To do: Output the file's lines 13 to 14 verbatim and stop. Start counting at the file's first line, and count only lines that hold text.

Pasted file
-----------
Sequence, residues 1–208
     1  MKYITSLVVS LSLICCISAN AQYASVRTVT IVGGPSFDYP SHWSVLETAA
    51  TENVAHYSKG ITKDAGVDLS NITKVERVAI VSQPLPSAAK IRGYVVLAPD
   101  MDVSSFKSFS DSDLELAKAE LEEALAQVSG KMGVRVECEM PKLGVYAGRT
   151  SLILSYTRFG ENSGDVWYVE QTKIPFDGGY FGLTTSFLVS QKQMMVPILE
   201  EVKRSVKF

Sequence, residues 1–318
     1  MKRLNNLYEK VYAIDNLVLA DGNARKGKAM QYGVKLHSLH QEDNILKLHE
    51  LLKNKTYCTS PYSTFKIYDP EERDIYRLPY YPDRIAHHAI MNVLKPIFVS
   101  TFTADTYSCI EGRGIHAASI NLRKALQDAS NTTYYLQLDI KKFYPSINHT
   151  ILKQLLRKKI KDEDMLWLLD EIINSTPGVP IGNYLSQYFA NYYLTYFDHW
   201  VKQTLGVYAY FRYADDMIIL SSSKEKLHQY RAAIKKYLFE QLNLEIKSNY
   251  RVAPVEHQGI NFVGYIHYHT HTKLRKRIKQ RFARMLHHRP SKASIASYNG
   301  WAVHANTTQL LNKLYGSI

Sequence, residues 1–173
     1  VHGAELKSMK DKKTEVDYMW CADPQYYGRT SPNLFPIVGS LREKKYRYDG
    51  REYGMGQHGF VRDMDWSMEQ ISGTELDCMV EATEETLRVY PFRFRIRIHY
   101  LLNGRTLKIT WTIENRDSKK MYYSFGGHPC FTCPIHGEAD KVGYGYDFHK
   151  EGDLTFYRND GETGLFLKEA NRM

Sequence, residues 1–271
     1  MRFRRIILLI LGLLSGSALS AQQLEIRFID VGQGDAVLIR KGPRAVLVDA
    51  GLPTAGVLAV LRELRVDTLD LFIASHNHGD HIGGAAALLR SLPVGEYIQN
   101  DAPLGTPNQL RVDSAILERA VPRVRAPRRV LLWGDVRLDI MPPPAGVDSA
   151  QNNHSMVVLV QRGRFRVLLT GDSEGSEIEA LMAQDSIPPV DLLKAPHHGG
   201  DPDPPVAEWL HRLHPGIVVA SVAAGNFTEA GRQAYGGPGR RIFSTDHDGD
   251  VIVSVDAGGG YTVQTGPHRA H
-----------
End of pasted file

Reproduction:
   251  RVAPVEHQGI NFVGYIHYHT HTKLRKRIKQ RFARMLHHRP SKASIASYNG
   301  WAVHANTTQL LNKLYGSI